Spain has become the first European nation to use drones from Chinese tech giant DJI to tackle the ongoing coronavirus pandemic, with its military deploying the firm's agricultural drones to disinfect large public spaces regions, it was revealed.
Spanish Military Emergencies Unit (UME) have been battling the outbreak with drones from Stock RC, DJI's Spanish agent, the company reported on social media o Tuesday as quoted by the South China Morning Post.
“Spain has become the first European country to use agricultural drones for containing [pandemics],” DJI said in the post.
— DJI Enterprise (@DJIEnterprise) April 1, 2020
The news come as cases in Spain jumped to over 22,500 cases and over 9,000 deaths on Wednesday, according to figures.
— CNN (@CNN) March 31, 2020
Spanish and Chinese authorities launched respective drone programmes to disinfect regions, check temperatures and disperse public gatherings amid the crisis while reducing risk to emergency personnel, with Chile, the United Arab Emirates, Philippines, Indonesia, and Colombia also launching DJI drones to tackle the virus, SCMP reported.
A similar deal was struck with Austria's Rosenbauer International AG, the world's largest supplier of firefighting vehicles and equipment, allowing first responders to tackle numerous emergency situations "quicker, more safely and more efficiently", a press statement in March read.
Company chief executive, Dieter Siegel, said: "Speed and a truly complete overall picture are key criteria for success when emergency service teams have to make purposeful decisions under time pressure.
Mr Siegel concluded: "This cooperation with DJI enables us to consolidate our role as a digital pioneer while we work together to develop an integrated technology for comprehensive, data-based firefighting and disaster management.
DJI Boosts US Efforts Against Coronavirus Despite Trump Administration Accusations, US Trade War On China
The Chinese tech giant, which currently owns 75 percent of the global market in drones for personal, commercial and special use, was accused by the Trump Administration of posing a national security risk, stating that the Chinese drones could potentially spy for the Chinese government, which DJI and Beijing have repeatedly and sharply denied.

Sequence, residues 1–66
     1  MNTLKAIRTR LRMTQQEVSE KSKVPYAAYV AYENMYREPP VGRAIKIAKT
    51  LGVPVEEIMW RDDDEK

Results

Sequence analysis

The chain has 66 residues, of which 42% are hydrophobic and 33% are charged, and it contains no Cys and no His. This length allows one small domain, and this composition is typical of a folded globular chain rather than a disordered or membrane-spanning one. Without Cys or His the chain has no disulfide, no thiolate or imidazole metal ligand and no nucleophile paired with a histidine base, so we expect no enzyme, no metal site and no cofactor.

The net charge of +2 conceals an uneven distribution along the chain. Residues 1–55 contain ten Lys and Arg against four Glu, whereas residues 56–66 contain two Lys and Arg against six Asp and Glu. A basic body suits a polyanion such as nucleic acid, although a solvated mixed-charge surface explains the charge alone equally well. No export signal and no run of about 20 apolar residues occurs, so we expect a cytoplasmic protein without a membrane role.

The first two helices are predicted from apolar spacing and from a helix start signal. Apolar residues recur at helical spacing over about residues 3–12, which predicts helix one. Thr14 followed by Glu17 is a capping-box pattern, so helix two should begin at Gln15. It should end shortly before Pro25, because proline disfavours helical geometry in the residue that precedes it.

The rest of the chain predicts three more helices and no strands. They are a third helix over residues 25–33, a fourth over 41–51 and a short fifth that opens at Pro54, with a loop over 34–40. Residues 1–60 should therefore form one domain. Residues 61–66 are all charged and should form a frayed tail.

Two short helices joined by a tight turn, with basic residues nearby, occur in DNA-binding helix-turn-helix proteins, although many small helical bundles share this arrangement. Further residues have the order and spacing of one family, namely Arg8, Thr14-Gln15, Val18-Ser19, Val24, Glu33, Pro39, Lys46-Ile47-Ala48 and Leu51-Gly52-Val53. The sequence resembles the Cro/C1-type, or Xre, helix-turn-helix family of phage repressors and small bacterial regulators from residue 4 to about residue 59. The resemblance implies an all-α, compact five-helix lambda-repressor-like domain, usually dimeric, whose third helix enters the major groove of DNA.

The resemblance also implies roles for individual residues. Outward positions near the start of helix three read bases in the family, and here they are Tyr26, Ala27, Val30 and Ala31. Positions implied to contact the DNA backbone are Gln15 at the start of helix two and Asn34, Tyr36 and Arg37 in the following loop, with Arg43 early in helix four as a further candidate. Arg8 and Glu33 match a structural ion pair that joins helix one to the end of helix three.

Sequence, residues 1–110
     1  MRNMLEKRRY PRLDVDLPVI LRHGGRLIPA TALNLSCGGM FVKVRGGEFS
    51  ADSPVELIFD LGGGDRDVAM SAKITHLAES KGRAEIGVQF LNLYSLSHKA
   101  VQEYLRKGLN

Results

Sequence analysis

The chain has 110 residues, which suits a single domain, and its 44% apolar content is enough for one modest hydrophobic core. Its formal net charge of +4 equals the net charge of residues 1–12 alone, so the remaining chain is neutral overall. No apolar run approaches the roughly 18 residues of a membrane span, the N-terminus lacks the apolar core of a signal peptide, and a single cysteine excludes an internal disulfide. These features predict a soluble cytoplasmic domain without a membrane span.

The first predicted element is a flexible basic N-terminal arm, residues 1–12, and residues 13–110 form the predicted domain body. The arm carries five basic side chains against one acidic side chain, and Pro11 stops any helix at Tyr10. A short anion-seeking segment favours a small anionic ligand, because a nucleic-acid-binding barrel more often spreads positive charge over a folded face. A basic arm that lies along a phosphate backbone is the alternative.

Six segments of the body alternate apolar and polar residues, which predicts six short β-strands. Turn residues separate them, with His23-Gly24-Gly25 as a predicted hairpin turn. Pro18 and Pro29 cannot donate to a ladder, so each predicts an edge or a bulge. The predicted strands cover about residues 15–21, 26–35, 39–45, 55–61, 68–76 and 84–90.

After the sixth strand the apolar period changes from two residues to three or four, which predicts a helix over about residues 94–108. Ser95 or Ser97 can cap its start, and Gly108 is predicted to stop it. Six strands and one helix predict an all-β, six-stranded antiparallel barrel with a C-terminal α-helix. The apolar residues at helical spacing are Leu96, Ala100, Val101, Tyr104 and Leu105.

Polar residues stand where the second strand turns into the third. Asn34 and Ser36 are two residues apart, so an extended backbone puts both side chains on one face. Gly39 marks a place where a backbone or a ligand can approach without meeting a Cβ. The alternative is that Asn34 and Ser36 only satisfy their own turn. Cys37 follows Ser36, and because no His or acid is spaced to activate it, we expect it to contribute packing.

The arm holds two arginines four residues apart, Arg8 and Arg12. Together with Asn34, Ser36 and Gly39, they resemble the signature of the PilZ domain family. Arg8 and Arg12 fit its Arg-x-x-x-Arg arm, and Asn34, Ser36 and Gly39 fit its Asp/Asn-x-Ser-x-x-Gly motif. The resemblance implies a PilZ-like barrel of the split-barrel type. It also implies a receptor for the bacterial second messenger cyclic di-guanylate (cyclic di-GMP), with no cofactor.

The company said in a statement that its products had been "designed specifically" for US government agencies, including the Department of Interior and Department of Homeland Security, proving that the Trump administration's decision "has nothing to do with security".
DJI said in January: "We are opposed to the politically-motivated country of origin restrictions masquerading as cybersecurity concerns and call for policymakers and industry stakeholders to create clear standards that will give commercial and government drone operators the assurance they need to confidently evaluate drone technology on the merits of performance, security and reliability, no matter where it is made.
Despite accusations from the Trump Administration, DJI issued 100 drones to 40 police, fire and public safety organisations across 21 US states as part of its commitment to the Chinese firm's Disaster Relief Programme on Wednesday.
A company blog post wrote: "This is the largest single deployment of drones to fight COVID-19 that we know of – and we look forward to seeing what our brave first responders do with them.